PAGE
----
Ah, this is about a JVM running on a client machine, not a server. And the purpose is to prevent a user/client from running Java programs that have NOT been signed by a company developer? In that case, I think you will need to set up the client JVM accordingly (and then make sure that only an admin would be able to change it - and a regular user would hopefully not have admin rights).
"importing" is something you do in code. I assume you have done that in the 2nd app, because otherwise you could not write an app that handles objects of this class.
A ClassNotFoundException, on the other hand, happens at runtime when an app has been compiled with some class used in the code (SchoolData.Teacher in this case), but that class is missing at runtime. You need to add all classes an app uses to the classpath used when it is run.
This app can extract objects as files and writes on the harddisk.
So the 1st app serializes data in some fashion to files, and the 2nd app deserializes that? Which mechanism are you using for that?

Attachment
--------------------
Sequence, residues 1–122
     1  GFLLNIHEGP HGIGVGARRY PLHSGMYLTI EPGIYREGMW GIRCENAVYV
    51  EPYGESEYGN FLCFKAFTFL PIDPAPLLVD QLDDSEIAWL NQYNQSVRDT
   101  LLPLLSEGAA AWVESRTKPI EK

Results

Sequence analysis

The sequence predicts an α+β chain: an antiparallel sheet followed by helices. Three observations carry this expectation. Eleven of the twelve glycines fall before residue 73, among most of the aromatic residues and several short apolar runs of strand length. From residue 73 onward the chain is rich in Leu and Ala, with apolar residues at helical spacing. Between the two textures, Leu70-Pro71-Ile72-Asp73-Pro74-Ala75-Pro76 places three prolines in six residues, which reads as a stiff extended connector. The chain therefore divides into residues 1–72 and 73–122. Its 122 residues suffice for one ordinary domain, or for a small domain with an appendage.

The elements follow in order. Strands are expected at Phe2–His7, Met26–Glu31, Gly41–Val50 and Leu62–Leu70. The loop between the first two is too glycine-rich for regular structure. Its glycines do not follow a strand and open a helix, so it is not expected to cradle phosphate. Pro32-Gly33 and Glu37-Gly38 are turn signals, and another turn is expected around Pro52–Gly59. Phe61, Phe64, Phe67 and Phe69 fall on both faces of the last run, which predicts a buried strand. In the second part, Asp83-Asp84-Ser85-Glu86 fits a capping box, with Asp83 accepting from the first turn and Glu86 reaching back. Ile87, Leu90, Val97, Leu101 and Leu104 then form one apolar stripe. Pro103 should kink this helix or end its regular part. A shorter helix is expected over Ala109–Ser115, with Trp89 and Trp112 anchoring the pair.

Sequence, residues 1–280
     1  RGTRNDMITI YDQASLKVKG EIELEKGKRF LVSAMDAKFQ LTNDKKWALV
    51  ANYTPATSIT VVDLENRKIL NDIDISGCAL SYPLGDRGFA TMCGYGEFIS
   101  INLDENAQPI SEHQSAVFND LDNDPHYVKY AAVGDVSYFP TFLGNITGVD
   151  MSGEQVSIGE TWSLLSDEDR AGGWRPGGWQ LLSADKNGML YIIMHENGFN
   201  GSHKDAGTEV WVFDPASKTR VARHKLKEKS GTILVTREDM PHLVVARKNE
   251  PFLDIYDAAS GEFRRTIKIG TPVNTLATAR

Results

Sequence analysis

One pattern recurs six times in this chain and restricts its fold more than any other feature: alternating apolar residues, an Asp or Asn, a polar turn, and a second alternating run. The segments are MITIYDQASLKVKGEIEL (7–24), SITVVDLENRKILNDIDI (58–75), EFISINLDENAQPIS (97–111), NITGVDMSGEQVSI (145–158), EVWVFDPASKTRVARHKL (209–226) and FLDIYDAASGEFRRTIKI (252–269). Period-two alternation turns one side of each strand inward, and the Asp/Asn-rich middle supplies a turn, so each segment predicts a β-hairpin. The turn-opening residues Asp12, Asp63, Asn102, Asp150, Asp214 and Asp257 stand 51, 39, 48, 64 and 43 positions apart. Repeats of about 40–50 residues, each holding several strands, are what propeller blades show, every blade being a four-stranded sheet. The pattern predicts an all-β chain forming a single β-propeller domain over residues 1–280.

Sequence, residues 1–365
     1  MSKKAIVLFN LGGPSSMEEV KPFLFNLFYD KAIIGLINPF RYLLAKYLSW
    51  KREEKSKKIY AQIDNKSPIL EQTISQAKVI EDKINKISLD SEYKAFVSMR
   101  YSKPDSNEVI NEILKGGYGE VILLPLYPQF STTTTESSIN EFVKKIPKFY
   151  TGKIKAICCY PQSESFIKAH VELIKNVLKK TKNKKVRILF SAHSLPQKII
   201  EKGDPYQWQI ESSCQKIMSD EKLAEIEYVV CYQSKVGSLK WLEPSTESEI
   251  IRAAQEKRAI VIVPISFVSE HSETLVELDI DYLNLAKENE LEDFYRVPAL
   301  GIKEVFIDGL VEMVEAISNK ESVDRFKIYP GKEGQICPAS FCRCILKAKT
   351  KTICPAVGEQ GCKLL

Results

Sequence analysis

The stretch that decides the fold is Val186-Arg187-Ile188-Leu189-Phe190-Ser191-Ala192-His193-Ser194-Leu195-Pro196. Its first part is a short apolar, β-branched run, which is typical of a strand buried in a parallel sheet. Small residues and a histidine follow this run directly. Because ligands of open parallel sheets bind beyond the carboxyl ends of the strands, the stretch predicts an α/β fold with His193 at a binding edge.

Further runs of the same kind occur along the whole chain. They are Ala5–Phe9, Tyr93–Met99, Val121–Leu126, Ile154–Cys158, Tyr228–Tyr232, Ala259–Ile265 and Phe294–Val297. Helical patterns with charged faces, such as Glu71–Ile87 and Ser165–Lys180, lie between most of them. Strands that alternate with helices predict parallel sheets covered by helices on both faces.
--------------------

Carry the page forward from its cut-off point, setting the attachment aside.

Hybrid apps have long been past their peak time, since there are better approaches to achieving cross-platform compatibility - solutions like Flutter come to mind.
If you release the app under the same ID then it will be considered the same app. What impact that might have on ratings and downloads obviously depends on the overall quality of the app, which -if done well- is independent of its architecture.
Computers (definitely those running macOS and Windows) have built-in text search capabilities, but I take it that you investigated those, and found them lacking?
For purposes like these I use an information organizer - a piece of software where you can collect all those snippets of text, images, web shortcuts etc. that don't seem to fit anywhere else. For the Mac I like Yojimbo; I'm sure you can find some for Windows if you look online.